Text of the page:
I have enjoyed Farrah Rochon’s Boyfriend Project series a lot and The Hookup Plan has been one of my most anticipated reads this year. In the first book, The Boyfriend Project, Rochon created three women who meet and become friends when they all find themselves dating the same guy. The three – Samiah, Taylor, and London – make a pact to be friends and hold each other accountable as they strive to work on different areas of their lives. Dr. London Kelly, a pediatric surgical resident, needs to work on reducing stress. Her friends point out that sex is an excellent source of relaxation.
The months of June and July ended up being incredibly stressful for me and as much as I wanted to read London’s book, reading about a woman who is under enormous pressure and taking care of everyone but herself was tough. Once I slept through my first day of vacation, I picked up a The Hookup Plan and flew through it. I love London. She is fierce and soft and trying so hard to be the best version of herself that she can. She desperately needs more balance in her life, to take better care of herself. Along comes her high school nemesis, Drew. He had a huge crush on her in high school, but she saw him only as competition for the highest grades. Despite her protest that she doesn’t like him, they hook up, and one night turns into the weekend, and then even more nights. Drew’s company is in town doing a financial audit on the publicly funded hospital where London is finishing her residency. (BTW, the only publicly funded hospital in Austin is the Austin State Hospital, which is a psychiatric hospital. Gotta love Texas.)
London is such a great character to spend time with. She is a determined advocate for her patients and co-workers. People look up to her and to her for leadership. What she discovers in the book is that she is worth the care that she gives others. In learning to take care of herself, in learning to really let go of her daddy issues, she becomes more open and vulnerable with not just Drew, but also her much younger siblings and other important people in her life.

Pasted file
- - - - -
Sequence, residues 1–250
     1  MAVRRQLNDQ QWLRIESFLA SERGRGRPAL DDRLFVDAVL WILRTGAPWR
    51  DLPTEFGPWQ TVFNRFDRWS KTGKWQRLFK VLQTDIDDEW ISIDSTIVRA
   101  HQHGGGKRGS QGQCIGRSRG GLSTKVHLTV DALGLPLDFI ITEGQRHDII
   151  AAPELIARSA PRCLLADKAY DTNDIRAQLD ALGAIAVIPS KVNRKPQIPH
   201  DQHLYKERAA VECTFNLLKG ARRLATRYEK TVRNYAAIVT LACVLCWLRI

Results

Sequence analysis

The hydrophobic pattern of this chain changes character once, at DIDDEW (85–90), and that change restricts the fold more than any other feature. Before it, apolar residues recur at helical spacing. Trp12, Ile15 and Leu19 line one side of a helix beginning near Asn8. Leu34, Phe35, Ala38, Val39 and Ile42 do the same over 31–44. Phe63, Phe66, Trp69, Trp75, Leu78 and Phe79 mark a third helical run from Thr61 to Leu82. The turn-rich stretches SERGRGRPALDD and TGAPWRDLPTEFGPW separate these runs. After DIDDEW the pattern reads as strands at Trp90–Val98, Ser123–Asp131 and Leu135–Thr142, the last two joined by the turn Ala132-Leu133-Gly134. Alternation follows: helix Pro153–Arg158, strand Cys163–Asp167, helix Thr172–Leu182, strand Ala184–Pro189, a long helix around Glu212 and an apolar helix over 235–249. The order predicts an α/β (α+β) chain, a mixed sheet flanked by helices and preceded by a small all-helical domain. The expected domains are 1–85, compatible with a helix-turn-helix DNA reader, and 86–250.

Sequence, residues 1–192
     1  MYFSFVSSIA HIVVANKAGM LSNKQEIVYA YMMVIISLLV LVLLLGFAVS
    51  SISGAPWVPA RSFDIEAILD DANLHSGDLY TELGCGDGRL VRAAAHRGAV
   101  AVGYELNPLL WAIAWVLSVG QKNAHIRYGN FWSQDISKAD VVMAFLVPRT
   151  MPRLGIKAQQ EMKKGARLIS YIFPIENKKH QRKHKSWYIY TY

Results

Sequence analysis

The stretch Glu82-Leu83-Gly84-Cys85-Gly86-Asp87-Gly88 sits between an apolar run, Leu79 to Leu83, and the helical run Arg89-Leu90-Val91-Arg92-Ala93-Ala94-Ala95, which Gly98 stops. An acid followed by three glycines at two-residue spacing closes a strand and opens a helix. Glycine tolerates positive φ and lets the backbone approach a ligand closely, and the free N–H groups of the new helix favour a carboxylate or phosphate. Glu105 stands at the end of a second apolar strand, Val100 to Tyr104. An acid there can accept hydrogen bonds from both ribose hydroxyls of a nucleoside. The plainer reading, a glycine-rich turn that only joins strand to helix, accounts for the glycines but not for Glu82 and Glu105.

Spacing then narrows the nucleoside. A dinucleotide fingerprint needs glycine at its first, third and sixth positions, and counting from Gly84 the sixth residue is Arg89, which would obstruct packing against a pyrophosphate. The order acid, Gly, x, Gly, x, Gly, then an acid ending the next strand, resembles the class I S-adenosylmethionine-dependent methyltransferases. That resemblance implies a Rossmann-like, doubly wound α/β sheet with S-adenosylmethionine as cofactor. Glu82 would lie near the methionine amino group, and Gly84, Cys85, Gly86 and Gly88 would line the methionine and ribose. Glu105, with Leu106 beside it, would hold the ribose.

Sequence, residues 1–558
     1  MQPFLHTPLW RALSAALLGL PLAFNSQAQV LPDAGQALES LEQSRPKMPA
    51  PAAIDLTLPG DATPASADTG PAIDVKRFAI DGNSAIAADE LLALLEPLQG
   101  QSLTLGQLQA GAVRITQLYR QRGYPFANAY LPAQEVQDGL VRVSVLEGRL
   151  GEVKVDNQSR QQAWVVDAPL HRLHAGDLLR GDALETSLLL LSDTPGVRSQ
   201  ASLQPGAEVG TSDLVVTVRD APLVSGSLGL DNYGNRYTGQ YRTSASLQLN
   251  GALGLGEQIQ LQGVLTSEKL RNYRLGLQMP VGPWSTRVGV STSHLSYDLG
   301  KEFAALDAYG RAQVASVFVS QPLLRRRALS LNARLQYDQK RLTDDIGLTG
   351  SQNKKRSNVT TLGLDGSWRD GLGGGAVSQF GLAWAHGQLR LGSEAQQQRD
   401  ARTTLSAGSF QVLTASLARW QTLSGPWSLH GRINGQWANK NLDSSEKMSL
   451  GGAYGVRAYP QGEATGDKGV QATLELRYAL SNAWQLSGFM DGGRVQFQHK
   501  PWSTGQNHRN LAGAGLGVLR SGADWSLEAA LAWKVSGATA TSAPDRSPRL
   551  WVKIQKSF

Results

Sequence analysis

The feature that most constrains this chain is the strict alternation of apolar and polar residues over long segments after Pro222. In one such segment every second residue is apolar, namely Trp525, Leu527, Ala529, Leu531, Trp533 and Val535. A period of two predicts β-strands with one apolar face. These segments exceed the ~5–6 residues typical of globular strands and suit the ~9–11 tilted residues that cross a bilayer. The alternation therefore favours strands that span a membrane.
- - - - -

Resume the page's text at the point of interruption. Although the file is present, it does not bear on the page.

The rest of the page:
After some early miss-steps which made me give Drew the side-eye, he turns into a lovely character who appreciates London for who she is, while pushing her to make room for him in her life. Of the three books, this is the strongest romance. One of the things I love about Farrah Rochon, is that her characters never exist in a vacuum. London and drew have relationships separate from the one they have with each other. The time they spend apart with friends, family and co-workers fleshes them both out nicely.
My only caveat for this book is that it may be triggering for people who have food issues. London has high blood pressure, and she knows her diet contributes to the problem. She spends chunks of time in the book eating things that can raise her blood pressure and then feeling bad about it. Having gone through my own bout of having to give up foods I love, it felt relatable, but it’s hard to write about food issues without triggering unhealthy social messages about food and weight. (Food is morally neutral!) The food issues are part of London’s arc in needing to take better care of herself.
The Hookup Plan is a lovely and satisfying sex first, feelings and friendship later romance. It’s not really an enemies to lovers, because Drew refuses to be London’s enemy. I just really enjoyed it and I’m glad I finally got the time and brain space to read it.
CW: dismissive parent, death of a parent off-page, past domestic violence, misogyny, micro-aggressions, family history of alcoholism, family history of heart disease, children with cancer and other serious illnesses, anxiety, familial guilt.
I received this as an advance reader copy via NetGalley. My opinions are my own, freely and honestly given.